A game of hot potato at the trade deadline
When I woke up this morning, I had three items on my to-do list:
- Write a complaint letter to Esquire about their fawning profile of their Best-Dressed Real Man contest winner: “Dear Esquire: I know times are tough in the magazine industry, but how much did Kenyatte Nelson pay you to run a six-page advertorial about how he’s better than all your other readers in every way?”
- Update Wikipedia’s article about streaking in sports. How did they leave out the guy who climbed over the glass at a Calgary Flames game wearing only a pair of red socks, only to slip on the ice and knock himself out?
- Do absolutely nothing else in favour of following the wheeling and dealing before the NHL’s trade deadline at 3:00 p.m. today.
Trade deadline day is often called “hockey Christmas”, though, with just over an hour of last-minute shopping left, the only things under the Maple Leafs’ tree are a couple of waiver-wire pickups: defenceman Eric Reitz and goaltender Martin Gerber.
The acquisition of the latter was followed by the announcement that incumbent goalie Vesa Toskala has been shut down for the year to undergo surgery, which means that general manager Brian Burke is going to have to wait a while to offload the underachieving Toskala to some gullible taker. That’s a shame. I was hoping to see Burke swap Toskala for what my girlfriend suggested last night would be fair trade value: a baked potato.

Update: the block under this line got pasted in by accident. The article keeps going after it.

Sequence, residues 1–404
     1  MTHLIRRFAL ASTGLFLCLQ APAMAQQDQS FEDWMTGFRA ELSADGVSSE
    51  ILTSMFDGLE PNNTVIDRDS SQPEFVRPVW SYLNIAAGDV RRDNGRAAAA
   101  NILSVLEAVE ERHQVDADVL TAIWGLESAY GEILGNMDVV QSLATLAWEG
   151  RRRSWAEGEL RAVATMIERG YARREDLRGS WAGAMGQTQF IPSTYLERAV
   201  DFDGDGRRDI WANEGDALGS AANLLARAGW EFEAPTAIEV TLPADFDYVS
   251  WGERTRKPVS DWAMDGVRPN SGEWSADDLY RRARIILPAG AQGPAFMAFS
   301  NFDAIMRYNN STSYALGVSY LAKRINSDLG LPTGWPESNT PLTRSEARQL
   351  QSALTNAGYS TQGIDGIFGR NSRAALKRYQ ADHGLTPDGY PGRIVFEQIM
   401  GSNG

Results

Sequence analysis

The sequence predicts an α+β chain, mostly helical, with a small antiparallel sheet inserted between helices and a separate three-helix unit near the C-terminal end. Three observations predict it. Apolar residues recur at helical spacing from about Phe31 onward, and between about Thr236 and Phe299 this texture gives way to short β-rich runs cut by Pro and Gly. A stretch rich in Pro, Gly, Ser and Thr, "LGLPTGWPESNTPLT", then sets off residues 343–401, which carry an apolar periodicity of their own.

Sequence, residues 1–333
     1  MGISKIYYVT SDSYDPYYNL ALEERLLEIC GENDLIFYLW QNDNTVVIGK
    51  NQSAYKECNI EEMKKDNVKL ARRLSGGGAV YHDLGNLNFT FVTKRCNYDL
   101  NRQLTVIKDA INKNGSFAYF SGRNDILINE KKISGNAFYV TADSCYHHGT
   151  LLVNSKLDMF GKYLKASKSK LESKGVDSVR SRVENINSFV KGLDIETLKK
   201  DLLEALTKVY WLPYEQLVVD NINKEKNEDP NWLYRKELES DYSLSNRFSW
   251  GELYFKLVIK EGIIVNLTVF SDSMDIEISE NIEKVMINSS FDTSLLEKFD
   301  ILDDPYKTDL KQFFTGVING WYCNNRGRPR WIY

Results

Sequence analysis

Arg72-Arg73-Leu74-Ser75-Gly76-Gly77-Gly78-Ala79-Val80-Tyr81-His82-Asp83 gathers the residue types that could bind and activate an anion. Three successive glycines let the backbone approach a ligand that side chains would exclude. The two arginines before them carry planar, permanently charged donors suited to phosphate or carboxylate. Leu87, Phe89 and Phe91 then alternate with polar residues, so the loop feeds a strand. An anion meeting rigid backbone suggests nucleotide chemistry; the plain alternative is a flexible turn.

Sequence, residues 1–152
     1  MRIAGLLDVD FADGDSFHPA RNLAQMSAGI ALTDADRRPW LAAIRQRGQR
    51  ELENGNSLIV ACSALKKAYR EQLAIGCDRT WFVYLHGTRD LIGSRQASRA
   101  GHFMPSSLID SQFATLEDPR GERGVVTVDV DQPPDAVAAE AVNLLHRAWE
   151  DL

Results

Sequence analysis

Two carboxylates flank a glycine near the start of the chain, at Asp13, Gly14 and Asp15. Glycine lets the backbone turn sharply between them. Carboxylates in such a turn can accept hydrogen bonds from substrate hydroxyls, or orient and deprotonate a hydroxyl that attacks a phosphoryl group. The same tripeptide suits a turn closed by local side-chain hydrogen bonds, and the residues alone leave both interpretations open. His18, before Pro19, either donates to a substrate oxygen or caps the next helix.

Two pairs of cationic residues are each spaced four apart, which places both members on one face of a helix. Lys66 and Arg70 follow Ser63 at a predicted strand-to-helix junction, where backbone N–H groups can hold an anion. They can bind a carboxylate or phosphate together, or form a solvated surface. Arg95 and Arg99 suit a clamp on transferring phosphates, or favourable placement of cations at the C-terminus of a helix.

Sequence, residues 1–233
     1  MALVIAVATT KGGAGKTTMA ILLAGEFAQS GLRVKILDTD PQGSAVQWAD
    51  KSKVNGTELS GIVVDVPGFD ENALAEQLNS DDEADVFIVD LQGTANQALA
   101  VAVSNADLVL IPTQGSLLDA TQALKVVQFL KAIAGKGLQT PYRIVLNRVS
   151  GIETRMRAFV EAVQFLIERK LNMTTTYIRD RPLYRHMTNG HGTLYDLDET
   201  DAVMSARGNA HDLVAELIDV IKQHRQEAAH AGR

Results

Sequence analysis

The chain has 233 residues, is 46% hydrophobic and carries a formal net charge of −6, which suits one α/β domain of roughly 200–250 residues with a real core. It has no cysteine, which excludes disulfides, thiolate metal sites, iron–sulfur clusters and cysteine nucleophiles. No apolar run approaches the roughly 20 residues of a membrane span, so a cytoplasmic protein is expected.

It’s a tough call, but, in the end, she decided that the addition of sour cream to the baked potato would be enough to put the deal over the top. You know Burke would have to consider this. He’s Irish, after all.
Of course, I’d hate to see Toskala end up like baseball minor-leaguer John C. Odom, who, six months after being traded for ten maple bats in an unorthodox deal, was dead of a drug overdose. So, while I’d really love to see Burke swap Toskala for a baked potato, I’d settle for his demanding the spud as a throw-in to a more conventional hockey trade.
Then what I want to see is this: At the press conference following the deal, Burke stands at a podium and ignores the reporters’ shouts. He just silently and purposefully eats the potato, taking his time. Then, after he finishes, he ceremoniously wipes his mouth with a napkin, barks, “No more questions!” and stalks off the stage.
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